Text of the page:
Q: What kind of manpower does it take to make a Sweet Lisa's cake?

A: There's a team of eight of us, including my husband, Steve, who draws out the designs while sitting with the customer -- he's a talented artist. He first makes the sketches, and then we have a staff meeting to discuss the best way to go about making the cake. It takes a week to put a client's request into an edible beautiful creation. The sugar work has to be made at the beginning of the week to let it dry. It takes a day, sometimes two, to put the cake together, and on the day of the party we do the finishing touches. My mom works with us also, keeping us all in line and making us fabulous lunches every day. She also does all the bookkeeping.

Q: What is the trend in cake design these days?

A: Cakes that are made in different shapes. People don't want a regular round cake anymore. I think it's because of all the cake decorating they see on the food and cake shows on TV. I often get emailed photos of cakes in the shapes of things, like a cake shaped like a unicorn for a child's birthday. We have also made a hamburger cake, a book signing cake, a Budweiser beer six pack cake. It's endless. It's all edible art. For flavor, chocolate is the best seller, dark and yummy, but vanilla is a close second and for those carrot cake lovers, it is truly to die for!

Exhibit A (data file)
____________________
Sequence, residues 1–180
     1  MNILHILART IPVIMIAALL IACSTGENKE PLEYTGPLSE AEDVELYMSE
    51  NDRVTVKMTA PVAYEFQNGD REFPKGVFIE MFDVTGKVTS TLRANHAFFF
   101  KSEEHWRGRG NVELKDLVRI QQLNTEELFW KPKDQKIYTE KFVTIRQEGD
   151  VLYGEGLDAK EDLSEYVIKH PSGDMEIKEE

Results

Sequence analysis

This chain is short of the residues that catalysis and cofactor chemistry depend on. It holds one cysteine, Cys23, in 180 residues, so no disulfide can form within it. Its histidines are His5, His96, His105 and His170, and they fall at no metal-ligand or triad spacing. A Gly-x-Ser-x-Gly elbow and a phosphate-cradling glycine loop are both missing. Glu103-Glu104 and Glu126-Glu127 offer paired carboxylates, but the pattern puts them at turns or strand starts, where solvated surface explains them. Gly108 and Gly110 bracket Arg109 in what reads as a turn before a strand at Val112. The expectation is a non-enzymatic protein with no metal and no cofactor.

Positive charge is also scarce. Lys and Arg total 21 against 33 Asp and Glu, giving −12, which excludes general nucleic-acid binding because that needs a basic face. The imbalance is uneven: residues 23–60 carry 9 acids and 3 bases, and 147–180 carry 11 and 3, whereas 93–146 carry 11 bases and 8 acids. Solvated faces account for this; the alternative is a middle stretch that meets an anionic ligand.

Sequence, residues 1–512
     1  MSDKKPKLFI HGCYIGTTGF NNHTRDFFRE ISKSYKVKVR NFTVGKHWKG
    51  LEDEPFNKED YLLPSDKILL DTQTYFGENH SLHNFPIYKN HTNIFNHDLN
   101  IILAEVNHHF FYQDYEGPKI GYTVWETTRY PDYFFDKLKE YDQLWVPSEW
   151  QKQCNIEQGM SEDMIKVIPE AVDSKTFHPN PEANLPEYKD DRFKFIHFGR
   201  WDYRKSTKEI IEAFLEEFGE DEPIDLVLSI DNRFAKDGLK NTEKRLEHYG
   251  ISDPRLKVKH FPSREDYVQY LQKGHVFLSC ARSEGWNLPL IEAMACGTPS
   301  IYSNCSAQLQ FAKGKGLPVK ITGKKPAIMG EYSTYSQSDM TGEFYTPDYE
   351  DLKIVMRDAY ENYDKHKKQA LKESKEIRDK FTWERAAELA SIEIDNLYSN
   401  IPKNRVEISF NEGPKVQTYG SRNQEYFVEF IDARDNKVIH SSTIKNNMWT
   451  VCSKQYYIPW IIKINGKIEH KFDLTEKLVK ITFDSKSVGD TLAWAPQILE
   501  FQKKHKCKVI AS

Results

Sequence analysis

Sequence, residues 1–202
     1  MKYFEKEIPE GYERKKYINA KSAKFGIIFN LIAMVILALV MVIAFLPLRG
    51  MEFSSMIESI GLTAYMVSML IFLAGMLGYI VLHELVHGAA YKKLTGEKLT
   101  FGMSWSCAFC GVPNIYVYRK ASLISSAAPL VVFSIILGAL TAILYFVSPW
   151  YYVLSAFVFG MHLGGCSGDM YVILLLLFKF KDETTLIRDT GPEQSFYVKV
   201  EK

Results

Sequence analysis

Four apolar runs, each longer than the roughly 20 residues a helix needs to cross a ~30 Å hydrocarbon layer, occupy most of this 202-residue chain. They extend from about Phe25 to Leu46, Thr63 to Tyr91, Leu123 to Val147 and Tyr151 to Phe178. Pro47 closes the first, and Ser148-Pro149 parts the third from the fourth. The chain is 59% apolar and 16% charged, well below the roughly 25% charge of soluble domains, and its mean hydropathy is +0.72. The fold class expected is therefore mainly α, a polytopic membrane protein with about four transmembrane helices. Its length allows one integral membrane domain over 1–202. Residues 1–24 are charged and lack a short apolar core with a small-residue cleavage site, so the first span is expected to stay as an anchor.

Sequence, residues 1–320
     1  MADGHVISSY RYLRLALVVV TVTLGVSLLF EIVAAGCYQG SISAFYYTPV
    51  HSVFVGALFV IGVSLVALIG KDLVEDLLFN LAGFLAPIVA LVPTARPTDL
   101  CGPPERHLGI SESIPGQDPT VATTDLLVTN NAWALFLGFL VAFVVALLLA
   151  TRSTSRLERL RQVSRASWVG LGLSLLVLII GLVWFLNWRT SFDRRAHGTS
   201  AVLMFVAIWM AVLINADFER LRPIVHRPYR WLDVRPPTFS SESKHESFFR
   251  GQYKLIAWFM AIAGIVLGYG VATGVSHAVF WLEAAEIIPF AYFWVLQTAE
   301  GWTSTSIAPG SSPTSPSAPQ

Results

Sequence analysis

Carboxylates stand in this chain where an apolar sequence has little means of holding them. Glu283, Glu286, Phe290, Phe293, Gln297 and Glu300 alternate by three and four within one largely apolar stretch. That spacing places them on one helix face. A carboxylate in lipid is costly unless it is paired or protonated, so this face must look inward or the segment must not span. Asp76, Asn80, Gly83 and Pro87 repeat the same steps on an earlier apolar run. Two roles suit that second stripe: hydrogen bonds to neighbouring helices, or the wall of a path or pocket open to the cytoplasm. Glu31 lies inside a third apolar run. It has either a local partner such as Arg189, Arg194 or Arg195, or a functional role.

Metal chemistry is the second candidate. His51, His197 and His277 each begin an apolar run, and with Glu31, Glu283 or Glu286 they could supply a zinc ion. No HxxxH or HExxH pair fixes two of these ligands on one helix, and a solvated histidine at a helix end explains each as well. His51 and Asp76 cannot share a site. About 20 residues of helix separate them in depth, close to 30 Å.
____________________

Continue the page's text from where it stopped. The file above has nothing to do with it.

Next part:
Q: How did you end up baking cakes?

A: I absolutely love, love what I do. We have so much fun everyday! I want to provide happiness for others. It's about a passion that began with my mother -- she and my grandmother are great cooks and bakers. When I was 10-years-old my mother gave me a Betty Crocker cookbook. I saw all the pretty pictures of cakes and cookies and I wanted to make them all. And I did. I made every single one. My brother was my guinea pig. He ate everything and so I thought I was a natural-born baker, but of course my brother would eat anything!